Still no full time horses though! When I was about fifteen I got a chance to rectify this appalling situation. A boyfriend’s Mum and her neighbour owned a herd of Arabs and part breds. The BF thing didn’t last, but I’d hit paydirt in equines. The ladies, a formidable pair in different ways, were hugely enthusiastic about breeding and showing, and needed all the help they could get. They were definitely a couple of characters but I was young and up to my eyebrows in fabulous Arabs. Long summer days riding miles around the Welsh hills to shows and pony club rallies, lots of different horses to make friends with and learn from. Fun, hard graft and horse time exploring new trails, finding out how to and how not to get things done, riding at all times of day and night, with tack and without, in all weathers the Welsh hills could provide.
Back then it was assumed that there definitely was a ‘right way’ to learn, the BHS way, and I had lessons from a terrifying and eccentric BHSI. She would kidnap yard kids out of school when she needed an extra pair of hands with the sheep, and she used to think nothing of setting off on a forty mile ride across Wales at four in the afternoon. Looking back I can see how effective she was at establishing discipline in young people. She kept a hunt yard, was a classical rider at heart and had a well defined attitude to personal discipline and consistency with horses which worked well for a Pony Club Equi-dragon. Even dead on your feet the horses came first. Letting a young horse run out of a fence would teach it running out was a possibility, and the ignorant young rider was punishable by verbal decapitation.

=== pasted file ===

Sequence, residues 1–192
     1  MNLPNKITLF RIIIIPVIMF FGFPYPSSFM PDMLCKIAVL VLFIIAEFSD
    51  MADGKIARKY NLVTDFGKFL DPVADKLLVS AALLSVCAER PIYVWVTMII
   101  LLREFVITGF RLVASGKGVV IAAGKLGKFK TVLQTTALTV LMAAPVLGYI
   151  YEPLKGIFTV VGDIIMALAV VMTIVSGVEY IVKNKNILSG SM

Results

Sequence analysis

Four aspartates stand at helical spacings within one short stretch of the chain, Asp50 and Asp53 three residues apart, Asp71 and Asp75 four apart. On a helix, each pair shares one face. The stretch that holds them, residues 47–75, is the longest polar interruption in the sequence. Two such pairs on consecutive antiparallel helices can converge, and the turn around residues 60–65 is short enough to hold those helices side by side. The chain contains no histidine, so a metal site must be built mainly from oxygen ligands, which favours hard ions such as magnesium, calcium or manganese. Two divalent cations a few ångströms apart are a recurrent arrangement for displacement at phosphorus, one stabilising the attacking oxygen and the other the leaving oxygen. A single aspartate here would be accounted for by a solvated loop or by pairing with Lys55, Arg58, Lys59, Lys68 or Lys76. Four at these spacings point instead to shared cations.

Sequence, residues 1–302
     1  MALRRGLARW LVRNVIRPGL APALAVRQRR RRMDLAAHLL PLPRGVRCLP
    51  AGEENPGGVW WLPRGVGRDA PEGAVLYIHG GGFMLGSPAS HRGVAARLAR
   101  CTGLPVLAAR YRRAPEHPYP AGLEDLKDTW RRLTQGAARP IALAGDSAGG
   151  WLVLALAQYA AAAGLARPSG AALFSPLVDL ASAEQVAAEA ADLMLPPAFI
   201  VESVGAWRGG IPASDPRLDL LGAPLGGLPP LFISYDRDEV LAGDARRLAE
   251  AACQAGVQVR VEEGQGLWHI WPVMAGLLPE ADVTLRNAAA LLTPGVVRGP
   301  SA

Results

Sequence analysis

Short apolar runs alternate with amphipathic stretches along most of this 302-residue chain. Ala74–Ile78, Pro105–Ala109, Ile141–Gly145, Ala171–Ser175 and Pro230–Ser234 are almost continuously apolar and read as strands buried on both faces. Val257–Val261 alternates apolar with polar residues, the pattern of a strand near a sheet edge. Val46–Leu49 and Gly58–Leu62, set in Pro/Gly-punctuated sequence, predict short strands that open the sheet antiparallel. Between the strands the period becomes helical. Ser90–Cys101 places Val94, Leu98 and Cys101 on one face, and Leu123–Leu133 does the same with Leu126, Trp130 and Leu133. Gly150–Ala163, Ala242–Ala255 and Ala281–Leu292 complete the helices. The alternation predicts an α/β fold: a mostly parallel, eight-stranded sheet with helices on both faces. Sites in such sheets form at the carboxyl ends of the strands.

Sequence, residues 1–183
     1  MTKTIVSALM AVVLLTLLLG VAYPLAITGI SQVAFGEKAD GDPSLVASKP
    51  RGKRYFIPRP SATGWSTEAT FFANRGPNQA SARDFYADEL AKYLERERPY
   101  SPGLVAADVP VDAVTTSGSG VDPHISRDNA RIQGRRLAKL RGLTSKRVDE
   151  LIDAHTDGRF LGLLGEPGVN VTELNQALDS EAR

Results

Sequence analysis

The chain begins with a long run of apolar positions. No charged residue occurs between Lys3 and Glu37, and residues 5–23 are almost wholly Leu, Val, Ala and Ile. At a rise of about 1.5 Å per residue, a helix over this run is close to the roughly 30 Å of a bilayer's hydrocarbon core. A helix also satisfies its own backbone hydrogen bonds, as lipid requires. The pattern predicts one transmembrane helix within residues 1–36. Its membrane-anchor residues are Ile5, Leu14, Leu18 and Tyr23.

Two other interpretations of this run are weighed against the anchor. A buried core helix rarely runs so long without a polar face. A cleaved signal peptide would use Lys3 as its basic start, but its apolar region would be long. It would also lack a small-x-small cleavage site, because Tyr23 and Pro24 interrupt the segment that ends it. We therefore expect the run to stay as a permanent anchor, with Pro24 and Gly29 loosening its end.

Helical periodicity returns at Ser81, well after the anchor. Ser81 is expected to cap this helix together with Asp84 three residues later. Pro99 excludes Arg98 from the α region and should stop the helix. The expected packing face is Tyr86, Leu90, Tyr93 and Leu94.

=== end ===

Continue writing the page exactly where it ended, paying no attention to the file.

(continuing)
After school I took a year off working in hospital kitchens, then spent nine years trying to decide what I wanted to study. Starting with visual arts, going through English, then finally landing on Psychology, I graduated from University of Wales Bangor in 2000 now with my husband Duncan and small son Dougal. In the middle I added an NVQ in saddlery in Walsall and trained as a saddle fitting consultant with Balance International, I worked for Free ‘n’ Easy Saddles for several years as a fitter, and now I am an approved fitter for Lavinia Mitchell Saddles. My main career for ten years after university was in psychology, I worked as an addiction researcher and performance manager.